NEW DELHI: Those intending to become doctors and treat patients may soon have to clear a common exit test after getting the MBBS degree from medical colleges.
The regulating body, Medical Council of India (MCI), has given a statutory recommendation for a mandatory exit test, which is under active consideration of the health ministry, the Supreme Court was informed on Friday.
Considering the sensitive nature of the profession — dealing with life and death — and keeping in mind varying standards of education in medical colleges, MCI has proposed a common exit examination for MBBS pass-outs intending to become doctors and treat patients, Solicitor General Gopal Subramaniam told a Bench of Justices R V Raveendran and H L Gokhale.
This recommendation of the MCI was to standardise the skills of doctors, said the regulatory body’s counsel senior advocate Amarendra Saran supplementing the arguments of the health ministry advanced through the SG.
This is in line with the decision of the Bar Council of India (BCI) making it mandatory for law graduates to clear a test to be able to practice in courts.
Importantly, both Subramaniam and MCI counsel, senior advocate Amarendra Saran, informed the Bench that very soon a notification would be issued to put in place a single window admission test for filling post-graduate course seats in all private and government medical colleges from the next academic session (2011-12).
This would ease the tension and trouble of thousands of students competing for few PG seats, for which they have to travel to different places to appear in entrance examinations for PG courses of different colleges. Clashing of the dates of examination used to add to the woes of the students. But, these will be a thing of past from next year, thanks to the common entrance test for PG seats in all private and government medical colleges.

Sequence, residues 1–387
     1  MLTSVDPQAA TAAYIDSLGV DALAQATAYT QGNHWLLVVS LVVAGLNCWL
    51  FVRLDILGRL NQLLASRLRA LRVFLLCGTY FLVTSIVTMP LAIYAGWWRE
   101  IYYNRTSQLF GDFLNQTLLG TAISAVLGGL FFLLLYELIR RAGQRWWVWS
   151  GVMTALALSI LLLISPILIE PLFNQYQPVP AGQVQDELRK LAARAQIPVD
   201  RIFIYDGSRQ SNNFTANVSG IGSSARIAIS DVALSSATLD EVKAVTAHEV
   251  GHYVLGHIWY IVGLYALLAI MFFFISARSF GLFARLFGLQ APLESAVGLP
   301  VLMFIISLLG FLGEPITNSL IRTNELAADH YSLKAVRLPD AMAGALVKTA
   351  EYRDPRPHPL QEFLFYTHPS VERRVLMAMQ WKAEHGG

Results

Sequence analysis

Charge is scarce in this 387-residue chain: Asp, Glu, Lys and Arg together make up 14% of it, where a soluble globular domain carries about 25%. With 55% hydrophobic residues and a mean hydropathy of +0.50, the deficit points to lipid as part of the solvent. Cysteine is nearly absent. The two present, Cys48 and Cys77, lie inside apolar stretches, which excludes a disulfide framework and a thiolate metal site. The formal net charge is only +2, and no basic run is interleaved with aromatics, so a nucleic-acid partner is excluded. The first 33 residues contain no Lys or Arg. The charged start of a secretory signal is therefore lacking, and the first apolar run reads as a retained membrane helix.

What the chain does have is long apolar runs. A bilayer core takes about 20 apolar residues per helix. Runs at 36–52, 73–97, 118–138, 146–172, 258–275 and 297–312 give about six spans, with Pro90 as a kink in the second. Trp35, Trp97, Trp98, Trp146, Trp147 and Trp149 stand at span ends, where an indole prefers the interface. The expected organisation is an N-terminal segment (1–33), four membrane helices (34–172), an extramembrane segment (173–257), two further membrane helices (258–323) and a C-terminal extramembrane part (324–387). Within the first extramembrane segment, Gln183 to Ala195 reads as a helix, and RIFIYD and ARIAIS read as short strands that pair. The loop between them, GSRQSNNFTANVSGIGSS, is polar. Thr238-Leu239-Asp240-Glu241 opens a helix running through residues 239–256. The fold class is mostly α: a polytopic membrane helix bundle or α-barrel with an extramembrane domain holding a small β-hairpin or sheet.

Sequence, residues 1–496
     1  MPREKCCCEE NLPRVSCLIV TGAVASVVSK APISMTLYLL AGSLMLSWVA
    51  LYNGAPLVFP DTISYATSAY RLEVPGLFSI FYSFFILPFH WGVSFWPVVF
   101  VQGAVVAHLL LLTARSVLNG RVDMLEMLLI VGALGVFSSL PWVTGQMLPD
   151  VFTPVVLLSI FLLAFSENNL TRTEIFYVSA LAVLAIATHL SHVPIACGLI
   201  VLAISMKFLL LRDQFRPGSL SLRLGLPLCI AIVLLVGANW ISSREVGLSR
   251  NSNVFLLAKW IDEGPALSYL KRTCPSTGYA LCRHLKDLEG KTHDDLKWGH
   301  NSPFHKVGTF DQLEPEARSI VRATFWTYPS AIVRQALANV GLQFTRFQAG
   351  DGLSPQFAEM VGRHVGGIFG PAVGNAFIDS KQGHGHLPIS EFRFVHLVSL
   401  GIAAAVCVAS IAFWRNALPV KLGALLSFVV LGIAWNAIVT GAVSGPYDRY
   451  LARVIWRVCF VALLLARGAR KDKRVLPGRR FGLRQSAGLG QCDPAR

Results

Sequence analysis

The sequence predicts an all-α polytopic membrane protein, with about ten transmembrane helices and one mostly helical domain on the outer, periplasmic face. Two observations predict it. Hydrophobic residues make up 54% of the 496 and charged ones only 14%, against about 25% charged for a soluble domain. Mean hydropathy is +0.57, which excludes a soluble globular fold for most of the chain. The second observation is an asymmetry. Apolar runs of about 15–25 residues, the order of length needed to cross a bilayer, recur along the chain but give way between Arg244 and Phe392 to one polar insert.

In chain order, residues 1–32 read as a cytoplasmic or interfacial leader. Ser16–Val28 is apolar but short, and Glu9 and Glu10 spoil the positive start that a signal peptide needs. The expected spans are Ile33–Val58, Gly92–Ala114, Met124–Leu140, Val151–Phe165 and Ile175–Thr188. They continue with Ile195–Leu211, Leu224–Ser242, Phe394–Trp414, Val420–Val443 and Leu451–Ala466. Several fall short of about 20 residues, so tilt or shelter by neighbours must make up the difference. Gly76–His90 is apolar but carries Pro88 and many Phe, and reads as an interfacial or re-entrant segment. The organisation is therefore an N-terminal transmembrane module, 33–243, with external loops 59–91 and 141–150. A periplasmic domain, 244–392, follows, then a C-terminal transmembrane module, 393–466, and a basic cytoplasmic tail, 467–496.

However, the joint attempt of MCI and the government to push through the common admission test for MBBS courses in private and government medical colleges did not get the stamp of approval from the apex court, which said it could not do so without getting the responses from the state governments.
The reluctance of the SC stemmed from the fact that Tamil Nadu, which has a special law for the purpose which has already received President’s assent, had strongly objected to the common admission test for MBBS across the country.
The Bench said: “We do not know which all states will object to this and how the students, a volatile community, would react to this proposal. So, let the Centre put before us the proposal and we will seek the response of the state governments.”
The SG agreed and said though the health ministry was carrying out the task of achieving a consensus among the states for a single window admission test for MBBS courses in all medical colleges, it would be easier and expeditious if the apex court helped through the judicial process to achieve the goal that would benefit the entire community of students aspiring to be doctors.
Giving the Centre a week to place the proposal before it for issuance of notices to the state governments to elicit their response, the Bench said: “The courts have already contributed to a lot of problems and we do not want to contribute to this by giving a go-bye to the settled procedure.”